Cloned Beckett[edit]

During Beckett's capture on the planet M8G-352 in season 3's "Misbegotten", Michael took some of Beckett's DNA to make a clone. Michael forces the clone to work for him in perfecting the Hoffan drug until Sheppard and Lorne rescue the clone in season 4's "The Kindred", a year after the death of the real Beckett. Although the clone suffers from a degenerative condition that will lead to his death, he insists on helping the team find the pregnant Teyla from Michael's capture. Eventually, Dr. Keller places the clone into stasis until a cure can be found.[13] In season 5's "The Seed", the clone is injected with a cure from Michael's database on M2S-445 and is called upon to help discover a cure for an advancing disease on Keller. Upon completion, he is sent back to Earth.[15] Cloned Beckett briefly returns to Atlantis in "Whispers" to stop a herd of Michael's failed experiments.[16] In "Outsiders", cloned Beckett hopes to make up for the horrible deeds Michael performed using Beckett's research, and he begins to help humans in the Pegasus Galaxy who were infected with the Hoffan plague.[17] In the Atlantis series finale, Beckett flies the city from M35-117 back to Earth to defeat a super Wraith Hive Ship. Beckett pilots the city in battle against the hive ship, but is unable to defeat it. The city is nearly destroyed, but is saved at the last moment when Sheppard manages to destroy the hive ship from the inside with a nuclear weapon. Beckett is forced to land Atlantis, cloaked, outside San Francisco Bay and later stares at the view with the rest of the command staff.[18]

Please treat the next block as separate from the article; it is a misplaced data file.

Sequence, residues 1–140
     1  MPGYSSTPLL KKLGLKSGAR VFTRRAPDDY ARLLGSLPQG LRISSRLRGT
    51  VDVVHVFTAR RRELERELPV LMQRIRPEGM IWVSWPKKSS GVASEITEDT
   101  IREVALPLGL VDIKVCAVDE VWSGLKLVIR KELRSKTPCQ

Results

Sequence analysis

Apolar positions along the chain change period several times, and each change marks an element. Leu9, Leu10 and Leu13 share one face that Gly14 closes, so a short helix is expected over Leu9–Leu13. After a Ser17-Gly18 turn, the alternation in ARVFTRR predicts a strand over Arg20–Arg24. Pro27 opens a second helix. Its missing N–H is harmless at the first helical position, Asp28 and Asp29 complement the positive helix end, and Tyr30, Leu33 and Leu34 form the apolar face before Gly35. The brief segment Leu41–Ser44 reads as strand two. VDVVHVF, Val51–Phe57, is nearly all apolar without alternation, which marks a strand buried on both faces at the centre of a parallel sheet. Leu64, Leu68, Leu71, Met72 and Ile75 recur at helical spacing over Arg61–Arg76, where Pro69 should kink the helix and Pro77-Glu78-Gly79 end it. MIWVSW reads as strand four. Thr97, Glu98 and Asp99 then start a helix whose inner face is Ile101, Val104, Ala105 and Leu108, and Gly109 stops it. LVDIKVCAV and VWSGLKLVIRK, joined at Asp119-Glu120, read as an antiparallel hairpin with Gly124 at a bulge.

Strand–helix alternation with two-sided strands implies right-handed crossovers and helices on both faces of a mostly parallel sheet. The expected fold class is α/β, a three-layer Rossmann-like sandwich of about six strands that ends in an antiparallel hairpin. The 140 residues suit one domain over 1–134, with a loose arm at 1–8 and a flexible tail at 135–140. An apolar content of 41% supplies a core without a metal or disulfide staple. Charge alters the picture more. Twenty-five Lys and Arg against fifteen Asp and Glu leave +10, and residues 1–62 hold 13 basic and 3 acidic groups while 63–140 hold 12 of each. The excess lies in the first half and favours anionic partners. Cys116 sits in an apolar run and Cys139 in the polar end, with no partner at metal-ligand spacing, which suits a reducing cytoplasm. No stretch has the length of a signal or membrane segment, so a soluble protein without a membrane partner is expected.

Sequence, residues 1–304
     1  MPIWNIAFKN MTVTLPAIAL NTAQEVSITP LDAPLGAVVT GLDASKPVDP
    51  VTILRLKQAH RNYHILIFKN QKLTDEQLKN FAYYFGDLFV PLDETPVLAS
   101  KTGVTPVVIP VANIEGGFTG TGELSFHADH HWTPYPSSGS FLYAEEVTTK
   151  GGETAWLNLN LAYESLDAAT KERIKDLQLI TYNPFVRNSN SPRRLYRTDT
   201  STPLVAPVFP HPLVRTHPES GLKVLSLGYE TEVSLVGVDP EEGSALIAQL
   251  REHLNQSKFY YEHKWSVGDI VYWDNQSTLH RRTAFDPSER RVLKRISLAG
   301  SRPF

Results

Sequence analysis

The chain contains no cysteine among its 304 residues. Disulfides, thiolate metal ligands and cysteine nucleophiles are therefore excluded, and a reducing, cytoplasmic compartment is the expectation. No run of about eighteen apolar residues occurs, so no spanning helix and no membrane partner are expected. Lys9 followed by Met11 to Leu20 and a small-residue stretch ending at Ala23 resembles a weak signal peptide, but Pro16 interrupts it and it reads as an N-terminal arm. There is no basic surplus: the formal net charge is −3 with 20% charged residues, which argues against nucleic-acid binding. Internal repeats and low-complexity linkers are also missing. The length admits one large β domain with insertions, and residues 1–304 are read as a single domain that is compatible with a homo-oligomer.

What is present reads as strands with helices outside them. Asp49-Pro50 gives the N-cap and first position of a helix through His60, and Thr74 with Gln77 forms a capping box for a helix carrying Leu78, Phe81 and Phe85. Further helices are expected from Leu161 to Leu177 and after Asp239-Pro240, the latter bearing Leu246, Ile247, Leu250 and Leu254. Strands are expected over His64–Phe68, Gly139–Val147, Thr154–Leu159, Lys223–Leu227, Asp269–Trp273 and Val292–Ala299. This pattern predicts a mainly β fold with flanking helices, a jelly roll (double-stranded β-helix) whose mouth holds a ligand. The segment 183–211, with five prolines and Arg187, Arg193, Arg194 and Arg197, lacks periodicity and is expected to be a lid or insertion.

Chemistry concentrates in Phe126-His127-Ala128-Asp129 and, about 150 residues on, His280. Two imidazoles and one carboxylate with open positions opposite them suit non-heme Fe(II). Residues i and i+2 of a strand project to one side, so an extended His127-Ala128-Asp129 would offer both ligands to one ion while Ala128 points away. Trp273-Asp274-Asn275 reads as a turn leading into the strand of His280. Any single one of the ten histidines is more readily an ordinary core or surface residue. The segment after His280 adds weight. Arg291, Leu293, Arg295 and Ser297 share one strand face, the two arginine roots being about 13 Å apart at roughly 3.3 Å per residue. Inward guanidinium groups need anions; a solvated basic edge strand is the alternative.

Characteristics and relationships[edit]